Everything went wrong for the Steelers last year, so throw the entire year out. Pittsburgh still has a plus OL on paper, and there isn’t much challenging James Conner otherwise. It’s not often I want to invest in a third-round RB when fleas start to become obvious and ominous, but he’s an exception.
The Buccaneers had a messy backfield a few months back, but Ronald Jones has done everything the team asked — to the point that he looks like the unquestioned featured back now. With an underrated defense on the other side and the absence of Jameis Winston, throwing Tampa Bay into poor game scripts, Jones has a good chance to beat his gradually ascending ADP.
Miami showed a lot of pluck in a 5-4 finish last year, but that doesn’t mean 2020 will be a contending season. The backfield could offer value, however, with Jordan Howard an established two-down grinder and Matt Breida a versatile support back. There’s almost nothing behind these two guys. The “running back by committee” term used to apply to two-man backfields; now, the two-man backfield is standard. The pejorative committee tag now best applies to backfields that use three or more players regularly. Perhaps Howard and Breida belong in the “boring value” section, but boring value is often my jam.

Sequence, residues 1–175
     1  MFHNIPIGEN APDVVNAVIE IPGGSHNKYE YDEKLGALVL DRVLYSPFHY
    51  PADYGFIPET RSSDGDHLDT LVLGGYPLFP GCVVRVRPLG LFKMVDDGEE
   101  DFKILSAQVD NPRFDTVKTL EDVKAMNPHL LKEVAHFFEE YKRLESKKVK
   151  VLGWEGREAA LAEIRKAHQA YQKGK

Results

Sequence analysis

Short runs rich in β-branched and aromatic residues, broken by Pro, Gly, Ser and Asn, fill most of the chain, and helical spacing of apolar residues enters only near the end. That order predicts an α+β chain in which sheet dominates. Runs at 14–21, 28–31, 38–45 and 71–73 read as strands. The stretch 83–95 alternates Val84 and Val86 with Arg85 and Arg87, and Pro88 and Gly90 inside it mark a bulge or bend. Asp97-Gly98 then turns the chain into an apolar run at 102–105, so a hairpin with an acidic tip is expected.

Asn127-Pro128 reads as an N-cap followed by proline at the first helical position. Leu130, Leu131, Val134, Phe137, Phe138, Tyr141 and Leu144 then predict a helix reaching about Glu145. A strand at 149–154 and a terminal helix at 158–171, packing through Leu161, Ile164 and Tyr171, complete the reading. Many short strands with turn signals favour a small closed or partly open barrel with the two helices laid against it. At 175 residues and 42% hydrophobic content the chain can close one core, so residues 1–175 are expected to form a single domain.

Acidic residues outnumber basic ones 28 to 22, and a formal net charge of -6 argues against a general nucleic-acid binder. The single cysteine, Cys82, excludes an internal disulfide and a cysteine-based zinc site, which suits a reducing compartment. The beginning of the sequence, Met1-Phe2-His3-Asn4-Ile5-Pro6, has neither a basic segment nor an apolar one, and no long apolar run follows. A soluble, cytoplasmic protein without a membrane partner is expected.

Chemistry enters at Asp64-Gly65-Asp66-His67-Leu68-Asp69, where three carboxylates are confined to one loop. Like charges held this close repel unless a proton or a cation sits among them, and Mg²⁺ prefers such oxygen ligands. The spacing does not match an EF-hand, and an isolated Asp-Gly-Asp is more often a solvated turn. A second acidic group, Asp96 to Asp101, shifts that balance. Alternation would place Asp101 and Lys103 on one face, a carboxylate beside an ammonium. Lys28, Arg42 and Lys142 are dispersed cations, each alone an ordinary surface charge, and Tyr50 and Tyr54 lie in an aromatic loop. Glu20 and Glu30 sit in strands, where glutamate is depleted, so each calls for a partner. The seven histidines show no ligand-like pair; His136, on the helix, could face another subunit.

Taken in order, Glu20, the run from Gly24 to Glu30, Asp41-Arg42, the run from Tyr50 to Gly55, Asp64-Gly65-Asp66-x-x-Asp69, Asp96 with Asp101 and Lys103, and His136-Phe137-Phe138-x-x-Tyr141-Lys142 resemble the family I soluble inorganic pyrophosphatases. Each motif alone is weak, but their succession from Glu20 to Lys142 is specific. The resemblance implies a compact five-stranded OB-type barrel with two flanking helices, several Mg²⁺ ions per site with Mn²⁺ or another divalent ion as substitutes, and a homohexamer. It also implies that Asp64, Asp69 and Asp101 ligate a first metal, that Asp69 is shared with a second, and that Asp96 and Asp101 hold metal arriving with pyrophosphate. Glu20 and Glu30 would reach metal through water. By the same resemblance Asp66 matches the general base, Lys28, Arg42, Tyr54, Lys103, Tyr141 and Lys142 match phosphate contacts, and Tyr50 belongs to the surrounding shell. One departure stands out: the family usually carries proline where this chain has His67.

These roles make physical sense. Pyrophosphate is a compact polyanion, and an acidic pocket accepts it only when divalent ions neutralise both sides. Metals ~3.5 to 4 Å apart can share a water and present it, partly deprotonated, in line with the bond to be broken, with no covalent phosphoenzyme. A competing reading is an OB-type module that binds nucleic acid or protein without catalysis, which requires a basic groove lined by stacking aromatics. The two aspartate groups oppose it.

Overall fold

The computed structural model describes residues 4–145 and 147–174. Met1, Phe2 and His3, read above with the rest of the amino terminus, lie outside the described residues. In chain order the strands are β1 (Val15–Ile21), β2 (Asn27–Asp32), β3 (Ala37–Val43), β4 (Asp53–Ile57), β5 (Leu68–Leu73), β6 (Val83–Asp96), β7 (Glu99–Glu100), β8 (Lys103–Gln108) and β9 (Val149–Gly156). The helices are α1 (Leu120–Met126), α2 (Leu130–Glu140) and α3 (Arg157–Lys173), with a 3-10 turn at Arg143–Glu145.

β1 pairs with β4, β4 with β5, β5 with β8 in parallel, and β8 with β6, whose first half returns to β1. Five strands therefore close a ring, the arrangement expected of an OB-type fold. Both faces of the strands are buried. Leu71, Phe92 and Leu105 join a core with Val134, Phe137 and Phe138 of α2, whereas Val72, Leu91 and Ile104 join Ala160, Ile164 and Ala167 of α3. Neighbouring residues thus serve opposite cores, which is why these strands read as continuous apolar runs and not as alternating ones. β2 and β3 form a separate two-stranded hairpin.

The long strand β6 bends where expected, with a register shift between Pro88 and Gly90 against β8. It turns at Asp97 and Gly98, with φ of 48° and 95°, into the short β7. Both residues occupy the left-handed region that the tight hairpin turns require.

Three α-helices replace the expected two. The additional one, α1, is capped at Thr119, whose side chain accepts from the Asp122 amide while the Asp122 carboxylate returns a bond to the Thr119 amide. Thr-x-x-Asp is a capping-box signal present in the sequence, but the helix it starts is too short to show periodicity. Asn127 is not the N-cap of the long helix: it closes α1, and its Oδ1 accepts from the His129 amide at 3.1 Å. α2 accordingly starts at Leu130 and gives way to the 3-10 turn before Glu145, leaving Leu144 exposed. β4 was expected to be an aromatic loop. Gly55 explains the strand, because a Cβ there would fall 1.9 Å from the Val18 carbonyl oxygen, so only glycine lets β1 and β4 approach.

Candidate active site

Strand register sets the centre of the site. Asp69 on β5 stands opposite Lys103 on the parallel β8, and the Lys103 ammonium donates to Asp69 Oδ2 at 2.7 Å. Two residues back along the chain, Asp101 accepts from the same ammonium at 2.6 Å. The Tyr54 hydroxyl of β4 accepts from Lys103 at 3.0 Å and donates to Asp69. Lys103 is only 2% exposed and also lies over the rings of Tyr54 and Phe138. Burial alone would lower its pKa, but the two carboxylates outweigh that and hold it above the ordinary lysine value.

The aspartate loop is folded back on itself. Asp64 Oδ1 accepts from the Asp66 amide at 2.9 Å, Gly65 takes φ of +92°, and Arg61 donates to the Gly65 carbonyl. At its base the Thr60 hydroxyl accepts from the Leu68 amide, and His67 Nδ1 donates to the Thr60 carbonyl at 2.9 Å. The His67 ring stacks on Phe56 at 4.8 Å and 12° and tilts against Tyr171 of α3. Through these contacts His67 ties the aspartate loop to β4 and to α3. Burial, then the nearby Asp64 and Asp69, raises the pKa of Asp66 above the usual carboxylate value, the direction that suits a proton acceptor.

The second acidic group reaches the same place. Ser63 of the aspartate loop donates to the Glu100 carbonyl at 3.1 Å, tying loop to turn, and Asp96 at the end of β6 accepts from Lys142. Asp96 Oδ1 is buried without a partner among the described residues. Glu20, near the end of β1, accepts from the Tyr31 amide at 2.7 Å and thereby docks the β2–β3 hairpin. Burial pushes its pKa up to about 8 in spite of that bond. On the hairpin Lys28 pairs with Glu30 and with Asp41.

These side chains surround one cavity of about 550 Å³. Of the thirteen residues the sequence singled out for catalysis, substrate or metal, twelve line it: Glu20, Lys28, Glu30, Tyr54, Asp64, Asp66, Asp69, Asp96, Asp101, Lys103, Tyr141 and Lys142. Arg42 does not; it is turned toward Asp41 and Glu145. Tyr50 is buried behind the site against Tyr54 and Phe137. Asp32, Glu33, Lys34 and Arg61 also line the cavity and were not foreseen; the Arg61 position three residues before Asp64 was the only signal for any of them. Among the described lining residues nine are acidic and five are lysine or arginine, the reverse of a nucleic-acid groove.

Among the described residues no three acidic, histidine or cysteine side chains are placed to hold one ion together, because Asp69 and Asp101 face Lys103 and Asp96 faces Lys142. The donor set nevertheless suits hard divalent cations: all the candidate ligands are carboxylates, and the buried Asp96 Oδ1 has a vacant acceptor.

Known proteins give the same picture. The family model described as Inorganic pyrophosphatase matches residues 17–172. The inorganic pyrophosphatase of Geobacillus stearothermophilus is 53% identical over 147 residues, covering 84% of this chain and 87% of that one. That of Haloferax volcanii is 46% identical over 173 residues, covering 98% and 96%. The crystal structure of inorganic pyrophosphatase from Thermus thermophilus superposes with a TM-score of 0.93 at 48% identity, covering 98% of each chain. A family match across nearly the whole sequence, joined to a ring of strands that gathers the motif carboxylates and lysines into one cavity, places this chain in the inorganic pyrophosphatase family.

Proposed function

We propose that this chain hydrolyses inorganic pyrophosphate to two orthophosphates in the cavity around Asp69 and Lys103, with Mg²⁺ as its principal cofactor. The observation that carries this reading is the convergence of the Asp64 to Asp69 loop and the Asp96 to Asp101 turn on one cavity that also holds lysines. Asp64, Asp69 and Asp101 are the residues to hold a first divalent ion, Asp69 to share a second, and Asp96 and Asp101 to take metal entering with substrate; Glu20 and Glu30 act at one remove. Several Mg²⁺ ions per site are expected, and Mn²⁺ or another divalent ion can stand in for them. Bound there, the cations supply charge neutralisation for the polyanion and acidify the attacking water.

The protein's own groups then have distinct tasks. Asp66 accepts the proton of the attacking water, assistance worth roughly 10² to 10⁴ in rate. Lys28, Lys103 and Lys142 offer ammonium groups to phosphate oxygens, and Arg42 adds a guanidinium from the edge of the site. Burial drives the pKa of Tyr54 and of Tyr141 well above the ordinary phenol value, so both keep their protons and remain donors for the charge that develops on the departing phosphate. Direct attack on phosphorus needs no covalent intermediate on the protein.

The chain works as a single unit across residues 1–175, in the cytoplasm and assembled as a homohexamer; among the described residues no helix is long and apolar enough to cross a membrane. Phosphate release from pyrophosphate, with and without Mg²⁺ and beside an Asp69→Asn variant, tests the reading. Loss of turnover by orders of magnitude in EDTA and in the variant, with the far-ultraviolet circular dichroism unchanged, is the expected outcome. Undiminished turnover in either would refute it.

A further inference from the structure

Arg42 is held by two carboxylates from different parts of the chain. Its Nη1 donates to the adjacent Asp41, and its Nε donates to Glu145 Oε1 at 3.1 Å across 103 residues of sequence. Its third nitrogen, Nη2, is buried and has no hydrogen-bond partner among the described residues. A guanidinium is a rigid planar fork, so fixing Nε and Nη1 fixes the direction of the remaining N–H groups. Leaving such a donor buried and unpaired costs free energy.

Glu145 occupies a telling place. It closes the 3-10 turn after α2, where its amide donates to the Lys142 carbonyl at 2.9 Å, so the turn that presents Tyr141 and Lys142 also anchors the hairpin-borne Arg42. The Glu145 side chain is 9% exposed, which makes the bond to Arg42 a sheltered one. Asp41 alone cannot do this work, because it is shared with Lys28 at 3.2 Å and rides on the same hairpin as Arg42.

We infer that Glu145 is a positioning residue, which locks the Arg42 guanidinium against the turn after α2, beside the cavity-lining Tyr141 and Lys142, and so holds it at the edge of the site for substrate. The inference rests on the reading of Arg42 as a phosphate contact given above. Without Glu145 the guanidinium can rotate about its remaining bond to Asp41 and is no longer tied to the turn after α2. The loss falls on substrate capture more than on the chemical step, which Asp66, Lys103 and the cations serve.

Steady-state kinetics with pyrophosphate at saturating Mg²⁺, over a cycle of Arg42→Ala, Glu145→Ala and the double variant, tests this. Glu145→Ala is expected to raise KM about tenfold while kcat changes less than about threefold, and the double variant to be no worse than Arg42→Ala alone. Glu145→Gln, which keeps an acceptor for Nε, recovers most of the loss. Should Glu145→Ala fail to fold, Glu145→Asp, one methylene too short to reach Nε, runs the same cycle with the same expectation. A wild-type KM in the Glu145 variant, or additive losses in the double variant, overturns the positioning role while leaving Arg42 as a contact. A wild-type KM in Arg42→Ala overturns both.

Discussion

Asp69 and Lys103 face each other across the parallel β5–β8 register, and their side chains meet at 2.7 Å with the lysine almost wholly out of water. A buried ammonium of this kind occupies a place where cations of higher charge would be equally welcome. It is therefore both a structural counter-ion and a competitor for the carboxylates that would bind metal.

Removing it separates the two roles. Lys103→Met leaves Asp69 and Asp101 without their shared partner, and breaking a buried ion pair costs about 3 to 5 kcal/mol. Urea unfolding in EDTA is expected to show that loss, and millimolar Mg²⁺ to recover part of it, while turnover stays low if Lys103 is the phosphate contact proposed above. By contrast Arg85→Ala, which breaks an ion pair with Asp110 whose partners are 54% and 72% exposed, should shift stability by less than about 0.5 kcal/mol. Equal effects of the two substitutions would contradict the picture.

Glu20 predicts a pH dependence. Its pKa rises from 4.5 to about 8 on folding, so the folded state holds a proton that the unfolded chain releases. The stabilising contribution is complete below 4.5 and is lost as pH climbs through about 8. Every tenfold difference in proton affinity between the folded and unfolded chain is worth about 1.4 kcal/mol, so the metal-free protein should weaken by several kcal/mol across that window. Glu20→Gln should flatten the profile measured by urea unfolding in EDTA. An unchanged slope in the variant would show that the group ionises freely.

Non-starting backs I’m regularly targeting: J.K. Dobbins, Latavius Murray, Zack Moss, Boston Scott, Darrel Williams very late.
Pass-Catching backs who have some utility: Duke Johnson, James White, Scott, Nyheim Hines (if you believe Frank Reich; I do), Chris Thompson, DeAndre Washington.
Running Backs to Fade
(Again, I must note one obvious disclaimer. Almost any player becomes draftable if a crazy discount comes about. Stay flexible, maintain an open mind.)
I want to choose my words especially carefully with Clyde Edwards-Helaire, because I see all the fun stuff everyone else sees. Star QB, elite play caller, all those toys. But I never thought KC’s intention was to give CEH the keys to the offense right away, and the talent behind him on the depth chart is better than many realize. CEH can still be a fun fantasy pick in 2020, but I’m reluctant to go for him at current ADP (middle-first round), which is essentially the top of his range.